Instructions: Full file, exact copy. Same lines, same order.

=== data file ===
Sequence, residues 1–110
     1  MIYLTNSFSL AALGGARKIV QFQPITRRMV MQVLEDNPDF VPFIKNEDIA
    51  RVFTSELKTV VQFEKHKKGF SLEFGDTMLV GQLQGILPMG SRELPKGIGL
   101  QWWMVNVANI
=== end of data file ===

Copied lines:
Sequence, residues 1–110
     1  MIYLTNSFSL AALGGARKIV QFQPITRRMV MQVLEDNPDF VPFIKNEDIA
    51  RVFTSELKTV VQFEKHKKGF SLEFGDTMLV GQLQGILPMG SRELPKGIGL
   101  QWWMVNVANI